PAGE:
I missed the strawberries this year. It’s the second year this has happened. Harvest days came and went and I spent those days dutifully at my desk at work, optimistic the berries would wait for me. Strawberry jam is usually the first jam I make in the season. Rhubarb always catches me by surprise – I’m never prepared for it before the flower heads take over. The last two years, no, three I guess, the season’s first jam just hasn’t worked out. One year I cooked it so long the result was a paste so thick you could barely slice it, let alone spread it, on toast.
The next year it didn’t set. Probably because it had been a wet spring and the berries were water logged. No wait – it was because I was completely distracted by the gearhead’s accusation of adultery. Don’t raise your eyebrows like that! It’s a fairly regular accusation and not because I walk around in a short pink kimono flashing my legs and breasts at strangers who come to the door [wife edits: I don’t, but I love this image. Add a long black cigarette holder and subtract about 20 pounds]. It’s just part of the gearhead’s routine; the girls and I always roll our eyes when we hear it. [wife edits: where would I fit a second gearhead in? and no, that’s not a dreadful pun, you dirty minded wits out there].
But this time was different. I’d picked up a flat of strawberries that year at the farm gate, on my way home from work. When I got home, still in my heels and skirt, I noticed a tiny black dot on the inside of my thigh [wife edits: on the inside of my very upper thigh hmm?]. To my horror, holding the black dot close to my face after removal, I realized it had legs! Strawberries forgotten, I rushed to the gearhead in a complete panic – it was a tick and surely I’d be afflicted with Lyme’s disease! He looked down his nose and over the top of his glasses at the tiny insect I’d trapped in a glass jar and pronounced, with the authority of an entomologist, “that’s not a tick, that’s a crab. Who have you been having an affair with?” My shriek of frustration rather alarmed the children. But I really started to worry when I dropped the insect off at the local health unit for testing. The woman there also looked down her nose and over the top of her glasses and slowly said she didn’t think it was a tick… The pregnant silence that followed filled me with guilt by association, or rather, suggestion. I was ready to melt into the floor if she finished her sentence the same way the gearhead had. I wondered if it’s possible to catch crabs off public toilet seats. I suggested she just send it to the lab for a definitive test. Thankfully she obliged. Six months later the yellow lab sheet confirmed the black legged tick as positive for Borrelia [wife edits: the bacteria that causes Lyme’s disease]. I hadn’t had the thing attached for more than half an hour before I plucked it from my skin, so I needn’t have worried.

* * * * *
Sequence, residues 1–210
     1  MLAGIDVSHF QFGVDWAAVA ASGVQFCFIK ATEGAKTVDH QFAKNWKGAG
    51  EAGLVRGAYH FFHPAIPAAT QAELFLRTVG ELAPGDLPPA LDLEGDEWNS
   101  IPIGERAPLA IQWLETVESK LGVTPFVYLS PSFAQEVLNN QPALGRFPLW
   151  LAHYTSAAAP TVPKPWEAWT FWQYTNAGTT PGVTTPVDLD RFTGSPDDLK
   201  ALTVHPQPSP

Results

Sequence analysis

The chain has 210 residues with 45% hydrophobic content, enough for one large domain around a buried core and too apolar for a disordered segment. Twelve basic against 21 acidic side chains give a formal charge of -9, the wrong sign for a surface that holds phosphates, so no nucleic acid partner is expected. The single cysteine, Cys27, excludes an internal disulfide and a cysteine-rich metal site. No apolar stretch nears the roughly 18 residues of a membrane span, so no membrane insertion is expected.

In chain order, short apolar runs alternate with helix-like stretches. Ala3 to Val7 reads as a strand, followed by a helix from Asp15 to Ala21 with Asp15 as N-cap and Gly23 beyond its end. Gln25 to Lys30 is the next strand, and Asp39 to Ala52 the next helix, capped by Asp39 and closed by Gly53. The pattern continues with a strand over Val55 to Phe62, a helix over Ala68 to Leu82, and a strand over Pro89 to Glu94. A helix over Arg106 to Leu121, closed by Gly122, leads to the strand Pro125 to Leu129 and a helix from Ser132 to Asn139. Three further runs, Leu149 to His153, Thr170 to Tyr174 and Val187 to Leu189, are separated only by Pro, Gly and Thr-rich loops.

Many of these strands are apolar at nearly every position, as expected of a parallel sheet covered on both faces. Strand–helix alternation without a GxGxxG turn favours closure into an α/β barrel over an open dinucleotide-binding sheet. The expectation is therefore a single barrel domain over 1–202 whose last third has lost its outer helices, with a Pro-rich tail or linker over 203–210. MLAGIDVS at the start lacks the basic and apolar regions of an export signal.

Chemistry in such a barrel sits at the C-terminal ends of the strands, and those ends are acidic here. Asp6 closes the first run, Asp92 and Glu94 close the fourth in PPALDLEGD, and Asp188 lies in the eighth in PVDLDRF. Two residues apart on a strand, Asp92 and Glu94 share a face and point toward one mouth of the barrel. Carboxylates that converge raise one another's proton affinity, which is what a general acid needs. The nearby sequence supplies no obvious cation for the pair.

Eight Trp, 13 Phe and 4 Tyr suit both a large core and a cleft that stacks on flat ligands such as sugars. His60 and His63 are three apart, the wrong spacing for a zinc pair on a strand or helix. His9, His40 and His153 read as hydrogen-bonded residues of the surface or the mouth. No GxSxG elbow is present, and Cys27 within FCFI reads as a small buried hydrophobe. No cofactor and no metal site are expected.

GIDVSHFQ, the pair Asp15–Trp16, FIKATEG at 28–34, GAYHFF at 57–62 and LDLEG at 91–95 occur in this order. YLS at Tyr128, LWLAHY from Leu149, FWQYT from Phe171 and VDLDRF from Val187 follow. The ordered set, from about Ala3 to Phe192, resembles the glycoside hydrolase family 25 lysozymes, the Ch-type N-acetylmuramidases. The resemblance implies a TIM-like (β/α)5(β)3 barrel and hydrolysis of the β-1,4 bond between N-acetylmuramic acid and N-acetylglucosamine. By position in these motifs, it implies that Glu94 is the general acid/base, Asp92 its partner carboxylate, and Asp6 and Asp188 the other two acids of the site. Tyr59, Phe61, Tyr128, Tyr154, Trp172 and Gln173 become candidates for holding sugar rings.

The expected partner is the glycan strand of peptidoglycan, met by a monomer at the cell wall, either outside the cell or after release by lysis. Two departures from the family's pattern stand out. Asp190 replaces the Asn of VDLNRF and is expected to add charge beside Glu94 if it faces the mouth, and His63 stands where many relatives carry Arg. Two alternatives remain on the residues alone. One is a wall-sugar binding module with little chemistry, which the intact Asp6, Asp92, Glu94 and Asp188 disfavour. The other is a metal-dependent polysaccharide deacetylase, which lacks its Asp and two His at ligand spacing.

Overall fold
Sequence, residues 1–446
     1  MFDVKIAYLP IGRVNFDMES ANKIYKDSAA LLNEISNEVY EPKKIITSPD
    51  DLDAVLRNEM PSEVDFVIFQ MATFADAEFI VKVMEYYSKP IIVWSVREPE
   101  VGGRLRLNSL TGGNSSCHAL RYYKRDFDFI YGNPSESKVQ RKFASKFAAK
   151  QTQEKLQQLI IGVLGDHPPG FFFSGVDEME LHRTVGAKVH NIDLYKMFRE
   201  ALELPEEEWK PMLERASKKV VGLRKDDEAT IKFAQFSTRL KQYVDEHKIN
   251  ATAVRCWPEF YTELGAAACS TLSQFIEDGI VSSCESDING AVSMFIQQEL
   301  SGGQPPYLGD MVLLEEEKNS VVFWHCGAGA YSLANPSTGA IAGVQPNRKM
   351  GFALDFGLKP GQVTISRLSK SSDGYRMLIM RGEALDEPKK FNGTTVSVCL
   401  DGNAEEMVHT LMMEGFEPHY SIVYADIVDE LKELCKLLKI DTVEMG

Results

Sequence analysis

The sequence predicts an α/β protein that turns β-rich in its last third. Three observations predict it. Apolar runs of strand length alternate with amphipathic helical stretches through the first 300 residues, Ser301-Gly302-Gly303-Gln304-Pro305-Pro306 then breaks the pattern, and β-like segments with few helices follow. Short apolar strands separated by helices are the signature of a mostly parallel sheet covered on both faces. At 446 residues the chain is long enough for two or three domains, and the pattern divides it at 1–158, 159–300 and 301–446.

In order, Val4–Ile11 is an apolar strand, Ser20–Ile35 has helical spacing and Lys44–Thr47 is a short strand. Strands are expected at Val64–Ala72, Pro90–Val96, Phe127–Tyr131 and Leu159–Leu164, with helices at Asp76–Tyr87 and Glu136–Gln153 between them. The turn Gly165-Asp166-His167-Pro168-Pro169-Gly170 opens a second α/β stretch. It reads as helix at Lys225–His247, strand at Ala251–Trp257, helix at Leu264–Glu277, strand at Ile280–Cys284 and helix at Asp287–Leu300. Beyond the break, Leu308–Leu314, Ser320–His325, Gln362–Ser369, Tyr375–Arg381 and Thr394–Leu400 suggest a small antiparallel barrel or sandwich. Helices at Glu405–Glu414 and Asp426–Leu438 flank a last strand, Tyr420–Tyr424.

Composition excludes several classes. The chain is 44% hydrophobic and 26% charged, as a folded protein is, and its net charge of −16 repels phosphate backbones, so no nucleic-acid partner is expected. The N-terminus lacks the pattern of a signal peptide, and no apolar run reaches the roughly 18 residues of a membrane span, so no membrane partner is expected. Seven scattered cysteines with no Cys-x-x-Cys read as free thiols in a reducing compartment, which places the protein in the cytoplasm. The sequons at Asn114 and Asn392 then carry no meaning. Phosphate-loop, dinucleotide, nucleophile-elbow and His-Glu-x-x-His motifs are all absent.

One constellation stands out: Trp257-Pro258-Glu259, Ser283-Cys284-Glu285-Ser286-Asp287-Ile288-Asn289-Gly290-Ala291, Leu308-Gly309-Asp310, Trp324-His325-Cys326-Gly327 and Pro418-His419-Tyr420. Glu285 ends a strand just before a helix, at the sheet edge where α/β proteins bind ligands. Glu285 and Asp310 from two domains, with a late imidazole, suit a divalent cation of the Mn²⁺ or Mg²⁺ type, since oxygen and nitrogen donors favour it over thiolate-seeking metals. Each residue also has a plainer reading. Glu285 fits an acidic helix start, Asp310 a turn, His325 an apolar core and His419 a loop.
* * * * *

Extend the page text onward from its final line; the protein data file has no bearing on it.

But of course I’d ruined the jam by that time. We poured it over pancakes and waffles. This year the elderberry flowers bloomed simultaneously (usually they’re staggered) and I had planned to combine them in a jam. But the harvest came and went and I missed it. Goes to Eleven seemed pleased, saying she doesn’t like how the berry chunks hover within the gel, the way I make it. She likes things to be a uniform texture and the elderflower idea was beyond the pale. She’s thirteen though, so everything is like this.
I’ve come to realize, or perhaps accept, that life at the moment has become too busy for strawberry jam. What a melancholy thought. But there will be strawberry harvests in the future that I’ll catch. More upsetting will be the day when the gearhead stops accusing me of affairs, for surely it will signal the passage of too much time…tick, tick, tick.